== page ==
It’s that time again, time for another installment of HeidiTown on the radio.
Every two weeks I have a show on KRFC 88.9 FM, community public radio. I’ve been doing a lot of traveling this winter, so in this week’s segment I share a little from our trip to Grand Junction and the surrounding area. I will be writing some blog posts about this trip as well, so stay tuned!
Also included, a preview of the Fort Collins St. Patrick’s Day Parade – a very popular and very green event in Northern Colorado.
Without further ado, listen to this week’s segment HERE.
We arrived in Grand Lake on a snowy Friday. The area had received three straight days of heavy snow, which made our first stop at On the Trail Rentals, even more fantastic. I previously wrote about this experience.
We were booked at the Western Riviera Lakeside Lodging & Events, soon to be world famous because on March 25, they will be featured on the Travel Channel’s Hotel Impossible. Much to my delight, because I’m a fan, the crew of Hotel Impossible was filming on the weekend we were in town.
We were staying in The Tree House, a huge two bedroom apartment overlooking the lake and just a short distance from the Western Riveria’s lake front property. It has a full kitchen, a living room and dining area with a fireplace. The master suite features a walk in closet the size of my first apartment, and the bathroom has Jack & Jill sinks.
We thoroughly enjoy the purple and pink sunrises from our big front window each morning, and we had a front row seat to the fireworks show on Saturday night. I was in town covering Grand Lake Winter Carnival, one of the best little winter festivals I’ve attended in Colorado.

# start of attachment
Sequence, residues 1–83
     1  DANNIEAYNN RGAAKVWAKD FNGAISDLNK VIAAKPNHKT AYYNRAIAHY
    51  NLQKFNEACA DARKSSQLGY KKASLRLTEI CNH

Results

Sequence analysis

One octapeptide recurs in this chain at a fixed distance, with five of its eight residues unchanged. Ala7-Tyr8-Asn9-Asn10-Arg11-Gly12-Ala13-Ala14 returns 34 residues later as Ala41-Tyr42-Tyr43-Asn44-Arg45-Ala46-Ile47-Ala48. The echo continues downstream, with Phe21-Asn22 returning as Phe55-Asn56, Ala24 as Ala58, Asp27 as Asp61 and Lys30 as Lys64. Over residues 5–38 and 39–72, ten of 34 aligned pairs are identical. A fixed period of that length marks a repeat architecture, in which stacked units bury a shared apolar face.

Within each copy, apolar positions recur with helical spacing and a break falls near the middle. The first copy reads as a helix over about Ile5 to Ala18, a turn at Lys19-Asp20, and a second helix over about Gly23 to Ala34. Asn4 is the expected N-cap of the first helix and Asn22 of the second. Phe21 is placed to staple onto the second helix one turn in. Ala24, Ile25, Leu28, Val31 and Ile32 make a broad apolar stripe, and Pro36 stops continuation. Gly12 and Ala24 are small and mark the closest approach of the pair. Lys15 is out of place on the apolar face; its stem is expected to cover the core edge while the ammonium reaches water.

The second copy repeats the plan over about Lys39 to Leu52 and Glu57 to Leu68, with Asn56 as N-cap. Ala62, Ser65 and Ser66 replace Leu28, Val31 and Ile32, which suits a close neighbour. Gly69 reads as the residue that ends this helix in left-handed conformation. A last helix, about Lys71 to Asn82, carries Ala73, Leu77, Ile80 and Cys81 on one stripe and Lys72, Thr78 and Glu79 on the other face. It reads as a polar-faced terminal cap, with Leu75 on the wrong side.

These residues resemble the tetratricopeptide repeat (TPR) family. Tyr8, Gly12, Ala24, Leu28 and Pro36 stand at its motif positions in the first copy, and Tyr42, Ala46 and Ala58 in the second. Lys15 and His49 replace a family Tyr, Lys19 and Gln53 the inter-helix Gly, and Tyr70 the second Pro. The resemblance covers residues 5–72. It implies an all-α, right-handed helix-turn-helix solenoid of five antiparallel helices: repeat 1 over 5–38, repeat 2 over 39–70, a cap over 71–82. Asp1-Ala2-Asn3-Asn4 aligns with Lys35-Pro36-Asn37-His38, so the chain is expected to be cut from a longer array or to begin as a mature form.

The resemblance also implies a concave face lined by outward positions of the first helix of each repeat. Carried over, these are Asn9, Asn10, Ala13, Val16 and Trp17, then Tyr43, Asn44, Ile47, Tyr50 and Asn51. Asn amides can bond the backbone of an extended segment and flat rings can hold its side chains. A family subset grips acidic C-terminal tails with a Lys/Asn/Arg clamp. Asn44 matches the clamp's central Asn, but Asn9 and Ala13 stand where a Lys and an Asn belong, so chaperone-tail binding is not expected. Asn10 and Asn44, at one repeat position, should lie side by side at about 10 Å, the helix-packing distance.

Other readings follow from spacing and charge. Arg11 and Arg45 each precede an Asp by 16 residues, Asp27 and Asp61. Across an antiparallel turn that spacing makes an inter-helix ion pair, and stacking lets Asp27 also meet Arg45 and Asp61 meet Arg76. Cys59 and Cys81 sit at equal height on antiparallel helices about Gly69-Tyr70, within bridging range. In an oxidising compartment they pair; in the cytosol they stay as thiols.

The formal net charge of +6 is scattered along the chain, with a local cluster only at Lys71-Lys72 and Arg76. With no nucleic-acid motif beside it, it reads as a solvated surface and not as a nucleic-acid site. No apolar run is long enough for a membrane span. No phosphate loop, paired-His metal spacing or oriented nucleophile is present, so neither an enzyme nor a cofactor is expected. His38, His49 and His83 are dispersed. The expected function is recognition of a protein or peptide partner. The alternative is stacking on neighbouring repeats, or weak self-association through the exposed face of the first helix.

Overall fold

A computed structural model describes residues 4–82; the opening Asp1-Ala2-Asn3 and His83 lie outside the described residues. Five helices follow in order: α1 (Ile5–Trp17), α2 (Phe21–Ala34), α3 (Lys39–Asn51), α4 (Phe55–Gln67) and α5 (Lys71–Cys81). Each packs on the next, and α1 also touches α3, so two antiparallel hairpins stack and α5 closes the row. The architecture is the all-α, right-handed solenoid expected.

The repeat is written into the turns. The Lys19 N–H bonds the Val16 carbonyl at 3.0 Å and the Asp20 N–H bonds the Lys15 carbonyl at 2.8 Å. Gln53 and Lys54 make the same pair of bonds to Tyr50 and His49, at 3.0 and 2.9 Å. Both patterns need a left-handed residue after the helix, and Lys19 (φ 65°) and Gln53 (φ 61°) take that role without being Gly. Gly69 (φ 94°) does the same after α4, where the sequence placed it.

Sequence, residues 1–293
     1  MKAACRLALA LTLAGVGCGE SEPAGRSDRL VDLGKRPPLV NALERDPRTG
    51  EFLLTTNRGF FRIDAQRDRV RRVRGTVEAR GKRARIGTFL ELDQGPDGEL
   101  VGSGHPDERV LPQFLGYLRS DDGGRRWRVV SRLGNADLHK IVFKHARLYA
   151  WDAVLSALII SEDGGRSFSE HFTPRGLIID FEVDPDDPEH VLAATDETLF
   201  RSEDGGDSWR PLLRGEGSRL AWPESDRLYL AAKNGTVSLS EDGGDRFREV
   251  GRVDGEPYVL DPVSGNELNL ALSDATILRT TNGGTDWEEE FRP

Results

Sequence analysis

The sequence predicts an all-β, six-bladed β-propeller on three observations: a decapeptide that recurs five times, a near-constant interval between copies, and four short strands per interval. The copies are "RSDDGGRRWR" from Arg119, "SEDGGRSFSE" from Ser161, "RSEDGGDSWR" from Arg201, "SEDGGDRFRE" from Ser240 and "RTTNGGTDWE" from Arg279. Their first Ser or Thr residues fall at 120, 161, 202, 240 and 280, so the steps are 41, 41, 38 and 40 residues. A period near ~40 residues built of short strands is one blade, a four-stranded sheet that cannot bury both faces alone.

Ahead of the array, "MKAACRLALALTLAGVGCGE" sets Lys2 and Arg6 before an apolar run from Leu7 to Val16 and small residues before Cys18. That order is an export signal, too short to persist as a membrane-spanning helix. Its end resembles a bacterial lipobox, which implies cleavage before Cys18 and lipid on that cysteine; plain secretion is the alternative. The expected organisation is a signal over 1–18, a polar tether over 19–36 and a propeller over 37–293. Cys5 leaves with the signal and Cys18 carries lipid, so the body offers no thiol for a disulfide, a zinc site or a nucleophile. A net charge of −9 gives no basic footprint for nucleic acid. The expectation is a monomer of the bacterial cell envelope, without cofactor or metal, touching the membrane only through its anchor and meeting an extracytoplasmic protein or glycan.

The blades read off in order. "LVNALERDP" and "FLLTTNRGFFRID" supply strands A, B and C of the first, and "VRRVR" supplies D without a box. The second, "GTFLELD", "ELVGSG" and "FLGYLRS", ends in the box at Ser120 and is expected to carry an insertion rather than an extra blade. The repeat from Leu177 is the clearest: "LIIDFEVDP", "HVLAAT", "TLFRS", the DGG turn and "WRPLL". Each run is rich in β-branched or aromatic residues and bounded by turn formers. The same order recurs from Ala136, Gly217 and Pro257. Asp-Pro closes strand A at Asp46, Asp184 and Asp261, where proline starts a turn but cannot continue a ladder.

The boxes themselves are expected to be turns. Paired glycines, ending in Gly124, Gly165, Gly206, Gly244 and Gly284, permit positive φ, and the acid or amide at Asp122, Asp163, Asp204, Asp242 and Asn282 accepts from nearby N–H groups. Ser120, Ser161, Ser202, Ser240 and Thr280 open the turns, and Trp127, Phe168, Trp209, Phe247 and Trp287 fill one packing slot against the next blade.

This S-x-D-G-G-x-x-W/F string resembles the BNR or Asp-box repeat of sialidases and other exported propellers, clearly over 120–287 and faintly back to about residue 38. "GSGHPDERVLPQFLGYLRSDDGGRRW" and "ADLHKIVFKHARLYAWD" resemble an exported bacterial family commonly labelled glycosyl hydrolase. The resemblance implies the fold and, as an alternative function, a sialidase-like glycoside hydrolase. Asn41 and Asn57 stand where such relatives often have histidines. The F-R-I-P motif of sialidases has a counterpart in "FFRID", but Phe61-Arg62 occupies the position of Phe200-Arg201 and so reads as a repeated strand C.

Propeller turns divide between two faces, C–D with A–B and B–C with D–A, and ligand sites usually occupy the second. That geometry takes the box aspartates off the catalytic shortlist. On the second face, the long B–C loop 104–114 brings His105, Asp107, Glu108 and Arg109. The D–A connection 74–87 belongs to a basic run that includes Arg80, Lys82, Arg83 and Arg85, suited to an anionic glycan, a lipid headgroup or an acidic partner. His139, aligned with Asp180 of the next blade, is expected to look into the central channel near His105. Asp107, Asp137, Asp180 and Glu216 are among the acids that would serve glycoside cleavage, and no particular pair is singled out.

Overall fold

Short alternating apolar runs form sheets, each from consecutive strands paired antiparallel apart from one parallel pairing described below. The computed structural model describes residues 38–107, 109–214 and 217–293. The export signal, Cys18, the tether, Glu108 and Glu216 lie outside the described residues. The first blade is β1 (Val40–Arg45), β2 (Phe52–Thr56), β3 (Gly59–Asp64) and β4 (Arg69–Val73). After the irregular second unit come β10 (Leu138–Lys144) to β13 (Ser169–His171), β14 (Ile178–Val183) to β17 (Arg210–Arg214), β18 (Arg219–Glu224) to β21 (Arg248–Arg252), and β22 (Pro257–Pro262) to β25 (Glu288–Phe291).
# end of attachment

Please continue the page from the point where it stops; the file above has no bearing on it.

Scheduled for a guided snowshoe trek in Rocky Mountain National Park, we got up early on Saturday. The Fat Cat had been recommended to us by the bartender at The Lariat. They serve a $12 breakfast buffet on the weekend and the selection included Scotch eggs, a personal favorite. A table heavy laden with desserts caught our eye. It looked like something right off the pages of Bon Appetit Magazine.
My husband, Ryan, is a big fan of desserts. Big. He looked at me, eyes full of excitement and asked, “Do you think that’s part of the buffet?”
It was. The Fat Cat will now always hold a special place in my Ryan’s heart, and mine too. We ended up there twice during our stay. We met and chatted with Sally, the owner, and felt like we’d discovered a home away from home. That’s how I feel about Grand Lake in general – it is genuinely comfortable.
At 9 a.m. we arrived at the Kawuneeche Visitors Center for our ranger led snow shoe outing with Ranger Barb. This was one of the best mornings ever, in part because Barb’s husband cut the trail for us. The scenery was breathtaking and it felt like we were snowshoers in a postcard. Barb is a gifted guide and amusing storyteller. Ranger led hikes at RMNP are free, but you must make reservations by calling 970-586-1223.
After our hike we sped back to Grand Lake to enjoy Winter Carnival activities. During winter carnival the businesses along Grand Avenue sponsor snow sculptures and this year’s theme was Alice in Winterland, resulting in especially whimsical creations.